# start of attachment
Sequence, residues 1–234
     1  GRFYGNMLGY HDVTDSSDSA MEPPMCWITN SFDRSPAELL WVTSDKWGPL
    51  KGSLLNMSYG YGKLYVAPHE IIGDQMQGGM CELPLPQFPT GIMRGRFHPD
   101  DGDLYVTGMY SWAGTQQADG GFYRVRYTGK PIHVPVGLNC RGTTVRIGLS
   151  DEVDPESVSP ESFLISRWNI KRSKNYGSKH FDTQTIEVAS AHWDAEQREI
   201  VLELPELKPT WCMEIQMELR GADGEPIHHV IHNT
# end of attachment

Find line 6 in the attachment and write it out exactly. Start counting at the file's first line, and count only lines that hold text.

   201  VLELPELKPT WCMEIQMELR GADGEPIHHV IHNT